The California Artisan Cheese Guild had their annual meeting not long ago, hosted by one of my new local fave cheese companies, Toluma Farms. Ever since I tasted their goat milk Kenne, reminiscent of those Provençal chèvres that were my introduction to fine cheeses so long ago, I knew Toluma Farms was something special.
Despite getting lost for about an hour in the back country of northern California (seriously, I was about to give up and go home, and there were absolutely no humans around. Lots of cows, though.), I pulled up to the property where owners David Jablons and Tamara Hicks live, work, play, and make cheese.
The Guild meeting was well underway. The main buzz surrounded the upcoming California Artisan Cheese Festival taking place from March 21-23. The other buzz surrounded the American Cheese Society’s (ACS) annual conference, this year taking place in Sacramento, our backyard! I am totally excited for the cheese festival, but ACS in Sacramento is really the big cheese of conferences. I can’t wait to go and meet some of my favorite cheese heroes and heroines.
We had the chance to taste a bit of everyone’s creations. Apart from the Kenne, which I am majorly crushing on at the moment, Bleating Heart’s Seana Doughty made a gorgeous St. Nectaire-inspired cheese from cow, water buffalo, and sheep’s milk called San Tomales. I don’t know if she’s planning on taking this one to market, but if she does, she’s going to have a real winner on her hands. It had amazing depth of flavor, filled with umami and the added complexity of mixed milks. Laura Chenel’s Chèvre brought some Cabecou, which is always a joy to experience—very fresh, citrusy and flavorful. Pennyroyal brought Boont Corners, its aged mixed milk (cow and goat) cheese, at three different ages (2, 4 and 8 months). They were all exquisite, the younger cheeses flaunting some nuttiness and the older cheeses showing some caramel flavor, as well as slightly musty aging room overtones. I also delighted in Pennyroyal’s Laychee, a fresh goat cheese (although when sheep are lactating, there’s ewe’s milk as well). What pillowy, creamy joys this cheese brings to the palate! If you can get your hands on it, don’t hesitate. Get it. There were other notable cheeses on hand as well, like Nicasio Valley’s washed rind San Geronimo—if you want to make a Northern California version of Raclette, this might be the cheese for you. Redwood Hill Farm came with their Bûcheret and Crottin. Someone brought some little French cheeses washed in what seemed to be walnut liqueur.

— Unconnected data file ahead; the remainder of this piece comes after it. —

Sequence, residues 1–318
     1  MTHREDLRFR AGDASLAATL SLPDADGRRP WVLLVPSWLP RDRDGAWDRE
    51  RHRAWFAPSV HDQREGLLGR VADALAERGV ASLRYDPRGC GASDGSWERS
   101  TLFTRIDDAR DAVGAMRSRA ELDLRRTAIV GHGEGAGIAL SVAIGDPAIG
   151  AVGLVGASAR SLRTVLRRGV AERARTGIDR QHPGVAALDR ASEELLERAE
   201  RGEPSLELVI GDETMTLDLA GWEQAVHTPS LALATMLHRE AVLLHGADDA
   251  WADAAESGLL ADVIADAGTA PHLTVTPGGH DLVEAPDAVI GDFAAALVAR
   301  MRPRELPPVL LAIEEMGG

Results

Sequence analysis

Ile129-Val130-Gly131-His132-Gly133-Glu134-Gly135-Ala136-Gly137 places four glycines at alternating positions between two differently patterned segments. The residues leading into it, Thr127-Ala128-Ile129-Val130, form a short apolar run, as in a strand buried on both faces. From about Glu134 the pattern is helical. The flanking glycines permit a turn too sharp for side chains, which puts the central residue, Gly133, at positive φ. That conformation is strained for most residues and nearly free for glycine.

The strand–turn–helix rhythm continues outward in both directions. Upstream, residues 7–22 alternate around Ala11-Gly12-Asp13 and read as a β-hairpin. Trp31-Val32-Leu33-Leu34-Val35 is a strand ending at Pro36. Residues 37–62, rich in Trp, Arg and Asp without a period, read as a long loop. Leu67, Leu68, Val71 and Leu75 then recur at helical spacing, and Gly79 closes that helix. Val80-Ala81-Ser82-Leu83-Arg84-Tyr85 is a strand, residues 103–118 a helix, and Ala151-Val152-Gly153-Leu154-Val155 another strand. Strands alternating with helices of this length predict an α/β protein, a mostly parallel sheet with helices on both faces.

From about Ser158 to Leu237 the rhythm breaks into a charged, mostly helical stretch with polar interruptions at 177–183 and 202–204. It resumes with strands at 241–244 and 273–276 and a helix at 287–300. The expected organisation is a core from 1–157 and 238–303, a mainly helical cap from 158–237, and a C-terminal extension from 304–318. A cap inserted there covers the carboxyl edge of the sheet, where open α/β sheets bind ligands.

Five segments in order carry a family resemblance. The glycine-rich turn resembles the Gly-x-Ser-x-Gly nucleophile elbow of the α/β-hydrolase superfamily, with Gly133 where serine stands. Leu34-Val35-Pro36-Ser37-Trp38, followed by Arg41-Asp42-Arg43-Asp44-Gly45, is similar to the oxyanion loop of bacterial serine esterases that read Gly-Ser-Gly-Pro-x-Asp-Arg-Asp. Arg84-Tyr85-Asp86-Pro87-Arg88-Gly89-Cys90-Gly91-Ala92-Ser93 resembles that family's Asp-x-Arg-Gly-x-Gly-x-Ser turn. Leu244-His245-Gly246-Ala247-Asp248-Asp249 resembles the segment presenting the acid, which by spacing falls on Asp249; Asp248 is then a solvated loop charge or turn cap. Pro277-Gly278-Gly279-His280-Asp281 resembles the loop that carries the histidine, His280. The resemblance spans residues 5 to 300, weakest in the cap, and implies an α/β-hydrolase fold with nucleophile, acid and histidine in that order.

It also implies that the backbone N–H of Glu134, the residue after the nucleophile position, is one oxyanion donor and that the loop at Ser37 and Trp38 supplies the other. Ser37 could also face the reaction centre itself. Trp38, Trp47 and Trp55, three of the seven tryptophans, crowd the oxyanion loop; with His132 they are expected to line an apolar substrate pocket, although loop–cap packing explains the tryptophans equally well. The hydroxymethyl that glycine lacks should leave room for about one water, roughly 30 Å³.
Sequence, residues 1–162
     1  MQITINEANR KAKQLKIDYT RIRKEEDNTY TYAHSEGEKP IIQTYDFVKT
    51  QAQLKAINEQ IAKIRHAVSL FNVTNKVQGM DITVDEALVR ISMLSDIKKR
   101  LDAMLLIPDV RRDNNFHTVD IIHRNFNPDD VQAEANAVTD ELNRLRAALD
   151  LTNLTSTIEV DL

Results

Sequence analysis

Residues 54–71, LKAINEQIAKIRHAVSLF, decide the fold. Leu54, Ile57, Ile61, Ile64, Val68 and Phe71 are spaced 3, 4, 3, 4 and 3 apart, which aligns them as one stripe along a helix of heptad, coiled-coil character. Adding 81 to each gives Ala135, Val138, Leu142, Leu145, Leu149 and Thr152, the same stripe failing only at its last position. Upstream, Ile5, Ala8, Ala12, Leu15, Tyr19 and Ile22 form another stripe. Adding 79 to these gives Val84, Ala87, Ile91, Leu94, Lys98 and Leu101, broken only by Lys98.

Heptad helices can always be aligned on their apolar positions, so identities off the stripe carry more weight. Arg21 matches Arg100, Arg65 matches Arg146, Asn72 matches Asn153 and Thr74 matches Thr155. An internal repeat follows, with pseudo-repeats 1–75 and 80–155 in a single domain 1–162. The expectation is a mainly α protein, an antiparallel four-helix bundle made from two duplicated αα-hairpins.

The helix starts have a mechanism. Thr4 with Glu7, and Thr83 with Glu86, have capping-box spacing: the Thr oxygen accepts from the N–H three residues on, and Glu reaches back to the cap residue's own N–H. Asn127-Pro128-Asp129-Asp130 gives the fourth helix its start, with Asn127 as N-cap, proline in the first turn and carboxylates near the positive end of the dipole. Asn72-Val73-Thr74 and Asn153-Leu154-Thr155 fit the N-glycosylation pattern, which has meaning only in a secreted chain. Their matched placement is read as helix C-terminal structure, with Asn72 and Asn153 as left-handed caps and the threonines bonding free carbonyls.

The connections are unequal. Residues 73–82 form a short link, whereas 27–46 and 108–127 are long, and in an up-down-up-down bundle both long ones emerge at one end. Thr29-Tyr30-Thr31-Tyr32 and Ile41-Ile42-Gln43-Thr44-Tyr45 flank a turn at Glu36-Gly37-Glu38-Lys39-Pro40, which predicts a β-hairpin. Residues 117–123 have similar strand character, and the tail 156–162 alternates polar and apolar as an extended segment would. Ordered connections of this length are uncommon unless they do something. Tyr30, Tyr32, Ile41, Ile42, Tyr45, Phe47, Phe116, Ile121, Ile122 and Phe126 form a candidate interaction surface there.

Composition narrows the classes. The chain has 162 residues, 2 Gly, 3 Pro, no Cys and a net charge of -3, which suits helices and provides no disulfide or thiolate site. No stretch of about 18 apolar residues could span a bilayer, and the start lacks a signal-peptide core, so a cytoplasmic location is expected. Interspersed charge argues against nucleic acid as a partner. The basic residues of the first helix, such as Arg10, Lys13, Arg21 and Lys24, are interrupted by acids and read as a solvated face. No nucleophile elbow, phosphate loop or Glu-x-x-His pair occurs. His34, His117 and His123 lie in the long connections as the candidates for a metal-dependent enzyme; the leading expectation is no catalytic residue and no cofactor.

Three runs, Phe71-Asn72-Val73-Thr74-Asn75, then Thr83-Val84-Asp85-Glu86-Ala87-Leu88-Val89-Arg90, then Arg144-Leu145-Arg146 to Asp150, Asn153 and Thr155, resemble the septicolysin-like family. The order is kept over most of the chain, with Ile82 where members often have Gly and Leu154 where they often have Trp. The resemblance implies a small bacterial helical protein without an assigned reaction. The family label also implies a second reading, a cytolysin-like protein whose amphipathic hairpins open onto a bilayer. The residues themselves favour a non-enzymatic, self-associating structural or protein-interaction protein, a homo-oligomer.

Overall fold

After the meeting came creamery tour time! David took a group of us, and Tamara took another. I was in David’s group, where I learned that not only is he a cheesemaker, he’s a thoracic surgeon and very much a DIY kind of guy. He loves tinkering with cars, but now, also does all the veterinary work for the farmstead. They purchased the property in 2003, but have only begun making cheese in the last year. Now, there are about 100 sheep on the property and a couple hundred goats.
David explained that the inspiration for their cheesemaking operation is La Tur from northern Italy. The couple went into cheesemaking with the vision of creating similar creamy, bloomy rind, mixed milk cheeses. They’re really doing quite well after less than a year of production. Maybe by next year, they’ll have cows and be making their California take on La Tur!
After a peek around the creamery, I had to visit the animals. What’s a farm visit if you can’t cuddle something? I headed over to the barn, where a lot of goats were hanging out and a couple of newborn lambs and their mamas. I even got to hold one of them!
Thanks so much for opening your home and your farm to the CACG, David and Tamara! I hope to see you and your cheeses again soon!